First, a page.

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We live in a world where environmental noise is a constant companion for many of us throughout the day and into the night. As a result of the increasingly loud sounds we hear daily, noise pollution poses a serious threat to our health.
It’s critical to know when noise pollution is present so you can take precautions to avoid long-term hearing damage and emotional effects like depression and anxiety.
Noise pollution and hearing loss
Noise pollution can cause permanent hearing loss. While noise-induced hearing loss can be prevented, it is also the most common type of hearing loss. Noise-induced hearing loss occurs when the delicate sensory cells in our ears are overworked and damaged by dangerous sound levels.
A sound wave travels through the air and enters our ear canal when something makes a sound. It must be picked up by “hair cells” in the inner ear to hear a sound, which detects vibrations. The brain can understand the electric signal produced by these cells when a sound wave is detected in the air. Our ability to hear with precision and nuance is mainly due to the many hair cells in our ears.
The problem is that these cells are so sensitive that they can be damaged when they are overworked to the point where they can no longer function properly. Because hair cells can’t repair or replace themselves like many other types of cells in the human body, damaged hair cells impair our ability to hear.
Measuring noise pollution
Decibels are the units used to quantify volume (dB). Human ears can detect a sound at a decibel level of 0 dB, while the average voice registers at 60 dB.
Around 75 dB – or about the volume of a typical vacuum cleaner – sounds start to be perceived as “loud” and potentially harmful to our hearing. As the sound volume rises, so does the risk of hearing damage. An unrelenting sound level of 75 dB can begin damaging our hearing after just 24 hours of continuous exposure to it. Noises that are too loud put us at risk of permanent hearing loss and damage to our hair cells.
Workers must be alert when the sound level rises above 85 decibels (dB). After 8 hours of continuous exposure to 85 dB, damage to the ear’s natural hearing occurs. Loud workplaces like factories, airports, construction sites, and repair shops have the potential to consistently expose employees to 85 dB of sound throughout an 8-hour work shift, and workers are entitled to hearing protection.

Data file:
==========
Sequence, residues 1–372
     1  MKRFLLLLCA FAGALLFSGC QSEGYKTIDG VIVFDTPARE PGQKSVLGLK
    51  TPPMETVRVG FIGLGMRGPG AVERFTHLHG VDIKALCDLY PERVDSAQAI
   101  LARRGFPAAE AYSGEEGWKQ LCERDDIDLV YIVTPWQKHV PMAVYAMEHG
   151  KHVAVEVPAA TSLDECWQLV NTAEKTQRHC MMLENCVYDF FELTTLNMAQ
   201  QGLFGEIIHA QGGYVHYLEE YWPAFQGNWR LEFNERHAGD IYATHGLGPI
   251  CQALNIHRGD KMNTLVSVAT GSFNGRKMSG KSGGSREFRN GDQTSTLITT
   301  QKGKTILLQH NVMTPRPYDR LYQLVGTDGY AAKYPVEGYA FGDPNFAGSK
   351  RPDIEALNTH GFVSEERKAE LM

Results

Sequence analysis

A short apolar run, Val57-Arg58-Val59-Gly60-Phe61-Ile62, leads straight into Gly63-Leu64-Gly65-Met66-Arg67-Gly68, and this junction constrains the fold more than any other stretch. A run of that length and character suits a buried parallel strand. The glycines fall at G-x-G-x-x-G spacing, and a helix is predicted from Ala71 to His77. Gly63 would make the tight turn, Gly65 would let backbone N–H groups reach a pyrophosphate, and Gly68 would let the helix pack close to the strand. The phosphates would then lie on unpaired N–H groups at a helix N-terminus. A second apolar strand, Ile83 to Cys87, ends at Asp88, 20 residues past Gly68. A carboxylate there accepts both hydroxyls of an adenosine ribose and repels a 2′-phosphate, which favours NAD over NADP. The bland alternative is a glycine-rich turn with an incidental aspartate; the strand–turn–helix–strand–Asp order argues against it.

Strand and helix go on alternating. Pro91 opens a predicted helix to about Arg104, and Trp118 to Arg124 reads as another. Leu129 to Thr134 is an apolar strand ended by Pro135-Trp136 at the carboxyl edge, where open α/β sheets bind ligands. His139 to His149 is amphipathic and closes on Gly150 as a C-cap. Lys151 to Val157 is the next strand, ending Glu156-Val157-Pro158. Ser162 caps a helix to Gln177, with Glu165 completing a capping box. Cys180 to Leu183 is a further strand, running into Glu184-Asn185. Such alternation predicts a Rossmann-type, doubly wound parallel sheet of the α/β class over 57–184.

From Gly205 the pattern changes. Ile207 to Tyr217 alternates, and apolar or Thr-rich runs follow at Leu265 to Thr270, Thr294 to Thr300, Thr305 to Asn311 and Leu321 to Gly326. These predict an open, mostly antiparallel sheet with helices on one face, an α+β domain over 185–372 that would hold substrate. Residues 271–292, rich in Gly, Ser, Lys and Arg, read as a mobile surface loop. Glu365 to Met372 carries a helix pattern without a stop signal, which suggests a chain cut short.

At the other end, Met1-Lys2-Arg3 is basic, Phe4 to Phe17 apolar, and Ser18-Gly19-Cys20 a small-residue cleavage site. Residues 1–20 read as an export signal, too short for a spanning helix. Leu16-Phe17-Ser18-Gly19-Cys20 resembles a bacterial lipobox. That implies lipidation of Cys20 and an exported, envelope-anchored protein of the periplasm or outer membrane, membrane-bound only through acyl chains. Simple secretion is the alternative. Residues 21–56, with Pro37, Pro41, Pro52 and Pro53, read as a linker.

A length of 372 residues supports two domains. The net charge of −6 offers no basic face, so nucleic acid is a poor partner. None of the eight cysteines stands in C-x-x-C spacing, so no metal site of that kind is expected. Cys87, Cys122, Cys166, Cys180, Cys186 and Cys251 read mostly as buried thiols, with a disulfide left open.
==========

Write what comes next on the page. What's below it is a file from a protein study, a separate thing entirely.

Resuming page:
Sound levels that are even higher are even more dangerous. A typical rock concert has a sound level of around 100 dB, which can cause hearing damage in less than 15 minutes for most people. It is impossible to hear anything above 120 decibels (dB) without hearing protection, such as gunshots and firecrackers. You will feel pain in your ear when the sound level reaches 140 dB. (along with instant hearing permanent hearing damage).
Keeping track of noise pollution.
The ability to keep an eye on the volume of the noise around you has never been more convenient, even as the world around us becomes increasingly raucous. Use a decibel meter if you suspect that you’re constantly exposed to dangerous levels of noise. Useful decibel-metering apps like DecibelX are available for free and alert you to harmful noise pollution.
You need hearing protection if you are exposed to harmful noise in your daily life. You should consult a hearing specialist if you are regularly exposed to high sound levels. Hearing protection, such as reusable earplugs, can be prescribed by your hearing specialist to reduce your noise exposure.
Society as a whole can benefit from supporting noise regulation. Make noise reduction a priority in your neighborhood or city and support legislation that restricts the hours and volumes of noise.
Noise pollution can be reduced at the household level by purchasing quiet appliances, turning down the volume, and scheduling quiet periods throughout the day.